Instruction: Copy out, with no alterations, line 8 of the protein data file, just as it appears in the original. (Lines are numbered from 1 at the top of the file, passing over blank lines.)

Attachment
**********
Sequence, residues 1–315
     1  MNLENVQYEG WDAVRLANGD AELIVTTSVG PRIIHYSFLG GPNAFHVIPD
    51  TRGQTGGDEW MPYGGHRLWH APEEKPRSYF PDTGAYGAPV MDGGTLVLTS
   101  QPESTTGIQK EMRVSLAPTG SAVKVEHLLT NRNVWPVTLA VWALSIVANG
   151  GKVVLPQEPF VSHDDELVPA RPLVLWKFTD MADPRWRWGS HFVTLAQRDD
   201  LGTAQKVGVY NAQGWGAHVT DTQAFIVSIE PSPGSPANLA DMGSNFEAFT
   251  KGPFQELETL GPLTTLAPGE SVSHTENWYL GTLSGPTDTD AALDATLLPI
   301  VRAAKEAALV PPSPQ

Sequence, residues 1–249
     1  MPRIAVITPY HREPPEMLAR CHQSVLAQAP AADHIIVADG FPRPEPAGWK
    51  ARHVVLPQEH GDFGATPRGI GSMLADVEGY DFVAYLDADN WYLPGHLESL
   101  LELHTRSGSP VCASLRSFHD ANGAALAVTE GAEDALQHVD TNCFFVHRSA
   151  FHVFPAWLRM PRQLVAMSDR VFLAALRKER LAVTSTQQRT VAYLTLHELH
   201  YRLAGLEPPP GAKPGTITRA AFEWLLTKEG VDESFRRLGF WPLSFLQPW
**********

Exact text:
   301  VRAAKEAALV PPSPQ